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The rogue, originally known as the thief, is a character class in Dungeons & Dragons. They cannot cast spells, but are experts in stealth.

Prior to Dungeons & Dragons 3rd edition, the rogue class was known as the thief. The class was renamed to rogue in the Player's Handbook (3.0) (2000), but retained its iconic abilities.

In AD&D 2e, "rogue" is also used as a category archetype containing the thief and bard classes, while in D&D 5th edition, "thief" is a subtype of the rogue class.


Society and culture

Notable rogues and thieves

For a complete list, see Category:Rogues.

  • Lidda, the iconic female halfling rogue in D&D third edition
  • Ragnar, the iconic male thief in AD&D 2nd edition

Publication history

The class was known as the thief until D&D third edition (2000), where it became known as the rogue.

Original D&D

An early prototype of the thief appeared in a fanzine called the Great Plains Games Players Newsletter, issue #9. This four-page pullout was known as The Thief Supplement. A letter from Gygax in that issue dates his submission to May 15, 1974. Only 25 copies of the fanzine were printed.[1][2]

The thief officially appeared in the first official D&D supplement, Greyhawk (Supplement 1) (1975).

In the Greyhawk supplement, thieves have the ability to open locks, remove small traps, listen for noise, move stealthily, pick pockets, hide in shadows, "strike silently from behind", and climb nearly sheer surfaces; the success rate of these abilities increases with level. They can wear leather armor and wield magic daggers or swords.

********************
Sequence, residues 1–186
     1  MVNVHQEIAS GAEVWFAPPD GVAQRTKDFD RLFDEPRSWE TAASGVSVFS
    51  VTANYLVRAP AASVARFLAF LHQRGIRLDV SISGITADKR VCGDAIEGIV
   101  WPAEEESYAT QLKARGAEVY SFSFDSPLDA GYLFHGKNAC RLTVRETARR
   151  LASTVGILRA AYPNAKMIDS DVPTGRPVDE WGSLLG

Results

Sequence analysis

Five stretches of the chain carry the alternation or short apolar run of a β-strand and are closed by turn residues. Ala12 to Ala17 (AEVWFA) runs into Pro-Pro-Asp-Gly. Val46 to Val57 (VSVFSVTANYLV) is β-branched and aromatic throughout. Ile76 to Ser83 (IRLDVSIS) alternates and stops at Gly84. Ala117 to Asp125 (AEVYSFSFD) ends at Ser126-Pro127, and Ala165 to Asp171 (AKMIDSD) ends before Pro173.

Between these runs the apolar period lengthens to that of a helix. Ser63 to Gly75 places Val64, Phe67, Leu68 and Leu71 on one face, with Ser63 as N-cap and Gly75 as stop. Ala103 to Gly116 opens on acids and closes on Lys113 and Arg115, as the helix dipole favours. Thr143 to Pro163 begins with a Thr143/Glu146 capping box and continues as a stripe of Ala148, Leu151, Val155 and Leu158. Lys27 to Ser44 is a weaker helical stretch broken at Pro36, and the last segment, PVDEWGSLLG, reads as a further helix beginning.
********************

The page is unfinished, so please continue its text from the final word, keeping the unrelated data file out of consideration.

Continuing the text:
The thief's most potent combat ability is to gain +4 to hit and deal double damage whenever they can "strike silently from behind", with the damage multiplier increasing at level 5 and every 4th level afterward. As they progress in level, thieves gain the ability to read most languages (useful for reading treasure maps) and understand magical scrolls.

Characters of any race may be thieves, with no level limit, and they may be any alignment except lawful. They are physically weak, having d4 hit dice.

AD&D 1st edition

Thieves in AD&D appear in the Player's Handbook (2e) (1989).

They retain most of their original abilities, with minor adjustments to percentage chances of success and the level at which abilities are gained. Additionally, they now explicitly have the ability to find traps, not just merely disarm them, and can learn thieves' cant, a language exclusive to thieves. At level 10, thieves gain the ability to set up a base of operations.

Thieves tend to be evil, but may be of any neutral or evil alignment. Thieves now have d6 hit dice. Their ability to strike silently from behind is now known as "back stabbing", and the damage multiplier applies even if the opponent is not surprised.

AD&D introduced the assassin, a specialist subclass of thief with the abilities to use poison and disguises, and a percentage chance to instantly kill when they back stab.

AD&D 2nd edition

The thief class appears in the Player's Handbook (2e) (1989). It is considered a subtype of "rogue", a category which also include the bard.

Instead of a table of percentage chances for thief skills, thieves now have a base percentage chance for each of the eight thief skills, 60 additional points to spread between them at character creation, and 30 points every time the character levels up. Wearing armor penalizes the character's skills.

D&D 3rd edition

In D&D third edition, the thief class was renamed to rogue. It appears in the Player's Handbook (3.0) (2000) and Player's Handbook (3.5) (2003).

Rogues have d6 hit dice, average base attack bonus, and good Reflex saves. They have the most skill points of any standard class, typically spent on what earlier editions of the game called rogue skills, like Move Silently and Disable Device.